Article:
Ask A Catholic: Mortal Sin

What questions do you have about Catholicism? Submit them online, or fill out the form below. 

By Mitch Finley

How can mortal sin exist when the Bible states over and over that believers are given eternal life? What does eternal mean to you?  Does it have to apply only to the time when our body perishes despite our souls being eternal?

According to the Compendium edition of the “Catechism of the Catholic Church” (with 204 pages compared to the 903 pages of the full Catechism this edition is a much slimmer volume):

One commits a mortal sin when there are simultaneously present: grave matter, full knowledge, and deliberate consent.  This sin destroys charity in us, deprives us of sanctifying grace, and if unrepented, leads us to eternal death of hell.  It can be forgiven in the ordinary way by means of the sacraments of Baptism and Penance or Reconciliation” (395).

            The key sentence in this paragraph is the first one.  Catholic moral theologians typically comment that “full knowledge” and “deliberate consent” are probably not as common as one may think.  How often does a person really possess “full knowledge” of what he or she is doing when committing an apparent mortal sin, and how often is a person fully free enough—including intellectually, emotionally and pyschologically free enough—to give deliberate and full consent to this action?  Many moral theologians suggest that, in fact, a true mortal sin is exceedingly rare.


Granted that a mortal sin is possible, however, no sin is beyond forgiveness when a person is genuinely sorry and resolved to never repeat the sinful action again.  We need to add that, in traditional Catholic moral theology most sins are “venial,” or minor, compared to a true mortal sin. 

Yes, as you say, believers receive the gift of eternal life, but this gift begins in this life and only becomes complete in the next.  In his high-priestly prayer Jesus says, “This is eternal life, that they know you the only true God, and Jesus Christ whom you have sent” (John 17:3).  This perspective does not mean salvation is automatic, or that our current relationship with God will be identical after we die: “For now we see in a mirror dimly, but then face to face” (1 Cor 13:12).  In this world, we are called to build up treasures in heaven with our good deeds, and we can still waste the gift of eternal life through sin.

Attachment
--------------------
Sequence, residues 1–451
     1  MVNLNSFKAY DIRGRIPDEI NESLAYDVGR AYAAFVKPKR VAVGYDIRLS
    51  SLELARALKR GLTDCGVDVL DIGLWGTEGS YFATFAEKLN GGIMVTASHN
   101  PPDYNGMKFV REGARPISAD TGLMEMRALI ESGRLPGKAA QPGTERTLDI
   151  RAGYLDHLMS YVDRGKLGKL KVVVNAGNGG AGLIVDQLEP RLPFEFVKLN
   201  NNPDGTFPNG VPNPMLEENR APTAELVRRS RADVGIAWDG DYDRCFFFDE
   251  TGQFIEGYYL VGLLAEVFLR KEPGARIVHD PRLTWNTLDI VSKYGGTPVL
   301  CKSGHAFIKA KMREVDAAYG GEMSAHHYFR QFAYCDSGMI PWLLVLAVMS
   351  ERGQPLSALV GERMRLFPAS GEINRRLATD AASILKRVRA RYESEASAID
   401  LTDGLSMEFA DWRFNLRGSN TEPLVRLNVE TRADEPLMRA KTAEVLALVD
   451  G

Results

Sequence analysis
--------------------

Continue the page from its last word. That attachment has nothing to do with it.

This means that we remain free to choose sinful actions even though we share in eternal life.  Scripture scholars refer to this condition as “already but not yet.”  That is, we already have the beginnings of eternal life, but it doesn’t become fully complete until we pass from this life to the next.  Hence, even though we share in eternal life now we retain the capacity to commit sinful acts.


This leaves us with your question about the meaning of “eternal.”  Commonly, we tend to define “eternal life” as meaning endless time.  On the contrary, to quote The Encyclopedia of Catholicism, Richard P. McBrien general editor:  “[Eternal life] is a participation in the life of God, which begins in the present and comes to fullness beyond death.  It is not just unending existence . . .”

About Mitch Finley

Mitch Finley is the author of 30+ books on Roman Catholic theological topics and spirituality, all written to appeal to both non-academic and academic readers. Mitch holds a B.A. in Religious Studies from Santa Clara University and an M.A. in Theology from Marquette University. He and Kathy Finley have been married since 1974 and are the parents of three grown sons. To learn more visit mitchandkathyfinley.com.

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  1. Не поняла как это так?

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